Changing from the mobile ecosystem to the other is never an easy task but there are clearly attempts to make the transition as smooth as possible from either the mobile brands themself or 3rd party tools and apps. Apple has therefore decided to take a surprising step that will ease the transfer of your photos from its iOS to Android, a competitive mobile operating system made by Google. The change will affect one of the most important areas – photography.
If you are using your iCloud account for backups, as most of us are, you can now freely move all your photos from the iCloud right to Google Photos. You can do so via Apple’s official tool on privacy.apple.com. After you log in, you will be able to manage your data by either downloading a copy of all your data shared with Apple, correcting your personal data and finally transfer a copy of your data to other platforms. Although Google Photos is currently the only option available here, more cloud backup services might follow.
The transfer itself is smooth, although you have to make sure, you have enough storage available in your Google Photos. Apple’s web app will show you an approximate number of your photos, videos and their total size before transferring. It is also necessary that you activate 2 step verification prior to the transfer.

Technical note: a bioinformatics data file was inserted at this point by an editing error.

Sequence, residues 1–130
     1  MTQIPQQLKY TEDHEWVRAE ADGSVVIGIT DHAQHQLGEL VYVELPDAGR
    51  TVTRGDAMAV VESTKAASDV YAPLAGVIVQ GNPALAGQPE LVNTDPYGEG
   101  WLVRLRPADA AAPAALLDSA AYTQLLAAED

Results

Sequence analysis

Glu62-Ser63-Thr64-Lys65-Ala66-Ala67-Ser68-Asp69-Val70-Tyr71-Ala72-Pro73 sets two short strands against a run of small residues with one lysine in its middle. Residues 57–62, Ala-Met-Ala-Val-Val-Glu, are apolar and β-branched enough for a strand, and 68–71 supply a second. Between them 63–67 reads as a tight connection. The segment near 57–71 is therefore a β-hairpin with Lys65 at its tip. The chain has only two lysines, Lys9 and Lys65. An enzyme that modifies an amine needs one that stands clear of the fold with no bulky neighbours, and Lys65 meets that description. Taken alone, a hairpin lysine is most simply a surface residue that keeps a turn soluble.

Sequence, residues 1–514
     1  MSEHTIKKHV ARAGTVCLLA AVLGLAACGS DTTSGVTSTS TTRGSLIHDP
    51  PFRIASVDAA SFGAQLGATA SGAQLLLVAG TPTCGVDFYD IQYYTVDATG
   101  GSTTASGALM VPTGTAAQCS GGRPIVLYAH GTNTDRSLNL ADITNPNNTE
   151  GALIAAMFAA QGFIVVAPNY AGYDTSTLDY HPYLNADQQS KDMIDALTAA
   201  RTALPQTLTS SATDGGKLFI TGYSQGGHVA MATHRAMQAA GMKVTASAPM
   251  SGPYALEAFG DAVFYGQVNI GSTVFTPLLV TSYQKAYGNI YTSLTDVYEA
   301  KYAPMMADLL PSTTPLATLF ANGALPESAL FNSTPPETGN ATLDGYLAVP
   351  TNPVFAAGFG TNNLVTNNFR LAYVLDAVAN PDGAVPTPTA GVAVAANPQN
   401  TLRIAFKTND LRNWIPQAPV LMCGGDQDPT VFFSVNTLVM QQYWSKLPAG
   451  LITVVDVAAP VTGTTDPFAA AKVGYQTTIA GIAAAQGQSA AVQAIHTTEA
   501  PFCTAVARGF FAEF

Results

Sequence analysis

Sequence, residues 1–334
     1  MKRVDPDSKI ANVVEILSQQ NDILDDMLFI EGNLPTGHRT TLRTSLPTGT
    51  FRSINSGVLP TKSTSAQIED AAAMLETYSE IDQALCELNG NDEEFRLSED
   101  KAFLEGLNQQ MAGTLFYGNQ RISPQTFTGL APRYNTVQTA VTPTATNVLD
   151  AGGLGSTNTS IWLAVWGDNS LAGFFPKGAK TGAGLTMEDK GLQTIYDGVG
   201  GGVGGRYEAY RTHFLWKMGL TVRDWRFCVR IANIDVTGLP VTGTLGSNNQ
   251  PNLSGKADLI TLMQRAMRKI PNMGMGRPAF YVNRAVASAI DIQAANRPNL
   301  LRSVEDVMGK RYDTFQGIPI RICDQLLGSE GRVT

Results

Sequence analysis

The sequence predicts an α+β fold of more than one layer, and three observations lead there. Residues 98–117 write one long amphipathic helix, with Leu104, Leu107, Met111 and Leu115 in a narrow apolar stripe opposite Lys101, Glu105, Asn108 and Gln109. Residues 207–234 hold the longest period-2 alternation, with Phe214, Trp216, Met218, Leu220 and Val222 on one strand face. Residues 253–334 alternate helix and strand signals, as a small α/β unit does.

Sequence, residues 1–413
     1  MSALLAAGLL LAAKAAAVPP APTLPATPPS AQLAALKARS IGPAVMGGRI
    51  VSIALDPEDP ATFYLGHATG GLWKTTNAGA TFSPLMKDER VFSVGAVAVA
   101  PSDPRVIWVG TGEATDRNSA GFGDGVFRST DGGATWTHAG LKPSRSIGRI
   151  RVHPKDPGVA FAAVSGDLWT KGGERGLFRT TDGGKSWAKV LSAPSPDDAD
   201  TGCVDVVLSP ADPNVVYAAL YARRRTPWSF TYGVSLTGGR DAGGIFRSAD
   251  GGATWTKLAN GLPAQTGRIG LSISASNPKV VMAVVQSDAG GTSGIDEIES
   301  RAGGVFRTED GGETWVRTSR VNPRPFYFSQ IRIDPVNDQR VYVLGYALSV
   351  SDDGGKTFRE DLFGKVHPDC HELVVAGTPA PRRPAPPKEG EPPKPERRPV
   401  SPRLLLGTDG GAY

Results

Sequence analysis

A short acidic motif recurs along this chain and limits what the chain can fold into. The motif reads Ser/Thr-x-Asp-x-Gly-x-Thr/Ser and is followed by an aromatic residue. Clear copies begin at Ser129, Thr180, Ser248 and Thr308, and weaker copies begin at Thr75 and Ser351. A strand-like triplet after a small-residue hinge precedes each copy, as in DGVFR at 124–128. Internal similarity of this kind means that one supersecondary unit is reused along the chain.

The whole photo transfer from iCloud to Google Photos takes between 3-7 days to allow Apple enough time to confirm that it is really you who asked for the transfer of the photos.
After the succesfull transfer, your photos will keep its structure and stay in their Albums, however videos might be placed in Google Photos loosely and you will need to add them to your Albums afterwards. It has also been reported that there were some issues with transfering RAW photos some regular photos were loosing its metadata.
The service is currently available in European Union, Australia, New Zeland, Iceland, Lichtenstein, Norway, Switzerland, Canada, United Kingdom and in the United States and it is possible it will be rolled out to other countries in near future as well.